as a threat to South African society," Reuters reports. Tshabalala-
Msimang said that a three-year study of the country's mortality sta-
tistics reveals that approximately 25% of all deaths are "non-
natural" and due to causes such as homicide, accident and suicide.
The release of the statistics comes two days after South African
President Thabo Mbeki said in a BBC interview that violence, not
HIV/AIDS, was the "largest single cause of death" among South Afri-
cans and the "greatest threat to the country." But Tshabalala-Msimang
said that statistics on AIDS-related deaths "were not yet accurate
enough to compare with data on violent deaths." She added, "Are we
perhaps not being sidetracked and only looking at one social condi-
tion at the expense of others. I am not saying that issues of HIV and
AIDS should be relegated simply because we are now talking about vio-
lence, but it does demonstrate the magnitude of the problem [of vio-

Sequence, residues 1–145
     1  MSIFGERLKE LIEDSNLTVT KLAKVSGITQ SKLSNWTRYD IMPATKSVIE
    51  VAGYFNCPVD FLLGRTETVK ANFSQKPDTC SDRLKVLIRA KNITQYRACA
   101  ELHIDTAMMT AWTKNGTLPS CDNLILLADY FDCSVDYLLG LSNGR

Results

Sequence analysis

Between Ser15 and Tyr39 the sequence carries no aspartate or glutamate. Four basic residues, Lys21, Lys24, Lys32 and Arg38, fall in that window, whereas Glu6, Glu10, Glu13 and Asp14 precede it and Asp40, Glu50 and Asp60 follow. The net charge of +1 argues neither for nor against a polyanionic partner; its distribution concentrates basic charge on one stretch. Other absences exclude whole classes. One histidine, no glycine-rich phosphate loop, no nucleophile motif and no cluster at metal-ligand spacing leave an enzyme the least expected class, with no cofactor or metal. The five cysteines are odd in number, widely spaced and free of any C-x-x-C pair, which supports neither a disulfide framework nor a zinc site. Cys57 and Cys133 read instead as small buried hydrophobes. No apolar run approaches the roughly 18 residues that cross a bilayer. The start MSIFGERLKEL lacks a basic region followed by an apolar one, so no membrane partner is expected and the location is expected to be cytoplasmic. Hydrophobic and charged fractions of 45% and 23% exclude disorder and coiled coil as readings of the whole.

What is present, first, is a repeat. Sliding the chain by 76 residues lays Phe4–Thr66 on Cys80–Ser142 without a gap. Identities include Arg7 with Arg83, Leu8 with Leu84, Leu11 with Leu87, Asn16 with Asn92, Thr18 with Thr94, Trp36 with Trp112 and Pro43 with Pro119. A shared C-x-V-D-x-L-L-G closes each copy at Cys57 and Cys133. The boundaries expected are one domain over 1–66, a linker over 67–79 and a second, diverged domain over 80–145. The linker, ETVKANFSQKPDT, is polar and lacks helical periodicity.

lence]." UNAIDS estimates that between 180,000 and 250,000 adults
died from AIDS-related infections in 1999. Tshabalala-Msimang said
that 60,000 accidental deaths occurred in the country during that
same time period, but added that the government has "no reliable sta-
tistics on ... causes of death" (Boyle, Reuters, 8/8).
Mbeki's Statements 'Disappointing'
The South African political party United Democratic Movement said
that Mbeki's claim that violence is the leading cause of death in
South Africa "play[s] down the horrific scale of suffering and death
that HIV/AIDS wreaks on South Africa," SAPA/BBC Monitoring reports.
UDM spokesperson Annelize van Wyk said that Mbeki "conveniently
grabbed the issue of violence to avoid discussions on HIV/AIDS, with-
out giving proper attention to the link between violence and
HIV/AIDS." Van Wyk said, "[I]t is disappointing that the president of
the country would only admit to the astronomical rate of violence and